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Interview with Courseware and Instructional Designer Debby Kalk Transcript
Find out more about MicroAssist's Courseware and Instructional Design Services
Debby Kalk is an instructional designer and e-learning project developer with over 20 years of experience producing interactive, video, and classroom-based learning programs. She has developed training and customer education programs for companies such as USAA Insurance, Dell Computer, and Verizon Wireless. She has also worked with publishers such as Prentice Hall, McGraw-Hill, and Addison Wesley to develop online educational products. At, MicroAssist, Debby has developed training for a statewide call center rollout, Dell and Vaccine University.
Debby Kalk on Instructional Design
Sanjay: Today we are talking to Debby Kalk. Debby is an Instructional Designer with over 20 years of experience producing learning for companies like USAA, Dell, and Verizon. She is the co-author of Real World Instructional Design and a Longhorn with Multiple Degrees including MA in Instructional Technology from the University of Texas in Austin. Welcome Debby. Debby you are an Instructional Designer, what is Instructional Design?
Debby: Well, Instructional Design is the purposeful development of an instructional episode. Ok, that is a big fancy way to say something, but I consider myself very equivalent to an architect. So in terms of my role, compared to the role of the instructor who actually teaches, the instructor would be more like the construction manager, I’m more like the architect, I develop the blueprint.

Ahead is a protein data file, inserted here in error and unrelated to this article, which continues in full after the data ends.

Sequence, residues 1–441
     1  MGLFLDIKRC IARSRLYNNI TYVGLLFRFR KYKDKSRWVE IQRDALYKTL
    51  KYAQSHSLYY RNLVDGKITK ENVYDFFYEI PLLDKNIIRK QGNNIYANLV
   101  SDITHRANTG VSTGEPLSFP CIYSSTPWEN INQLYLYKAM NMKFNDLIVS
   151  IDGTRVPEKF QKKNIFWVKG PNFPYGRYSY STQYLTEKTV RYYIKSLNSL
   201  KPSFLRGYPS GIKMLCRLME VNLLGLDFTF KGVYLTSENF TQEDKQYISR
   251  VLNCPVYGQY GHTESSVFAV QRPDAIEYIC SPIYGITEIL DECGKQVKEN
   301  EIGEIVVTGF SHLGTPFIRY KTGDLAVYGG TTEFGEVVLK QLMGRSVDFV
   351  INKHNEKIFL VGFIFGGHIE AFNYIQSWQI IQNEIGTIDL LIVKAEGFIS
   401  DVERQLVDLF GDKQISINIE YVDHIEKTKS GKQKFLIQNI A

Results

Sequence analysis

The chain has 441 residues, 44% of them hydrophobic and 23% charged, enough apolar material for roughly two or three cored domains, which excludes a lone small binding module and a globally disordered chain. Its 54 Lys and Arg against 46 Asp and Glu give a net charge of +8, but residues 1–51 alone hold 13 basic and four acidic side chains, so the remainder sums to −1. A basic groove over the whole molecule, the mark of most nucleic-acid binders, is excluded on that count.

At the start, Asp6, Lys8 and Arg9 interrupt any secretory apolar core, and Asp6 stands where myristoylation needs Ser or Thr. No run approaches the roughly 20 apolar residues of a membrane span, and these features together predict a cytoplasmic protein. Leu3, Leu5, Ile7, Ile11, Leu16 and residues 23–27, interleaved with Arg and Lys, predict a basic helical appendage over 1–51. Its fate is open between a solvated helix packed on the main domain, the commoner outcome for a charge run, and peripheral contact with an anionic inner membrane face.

Sanjay: When would a company typically hire you?
Debby: When does somebody need an Instructional Designer? Typically it’s when people have a lot of folks who they need to train and the material they need to train has a lot of different pieces. So if you just have a handful of people and about 1 days worth of material it probably will work just fine to bring in the subject matter expert, and grab a conference room, and teach them what they need to know. But when you have to train, for example, new employees, or you have lot of people distributed over a wide range, especially if they will be traveling, it really makes sense to develop instruction that you know is going to be effective.
Sanjay: Debby as you know, we do a lot of standardized training and you can buy a lot of standardized curriculum. When do you see companies calling you versus getting some curriculum off the shelf?
Debby: The customized curriculum really makes sense when you have specific internal procedures or policies for sales goals, what ever it is something unique in your company that really makes it important for everyone in the company to be very highly trained and very effective at implementing either those procedures or policies. When you have a number of people who are going to learn material over a period of time that’s another place where a very customized approach is going to make sense.
Sanjay: You have a great deal of experience creating curriculum. You must have some typical difficulties you always face when you are creating curriculum. Can you list a few of them for our listeners?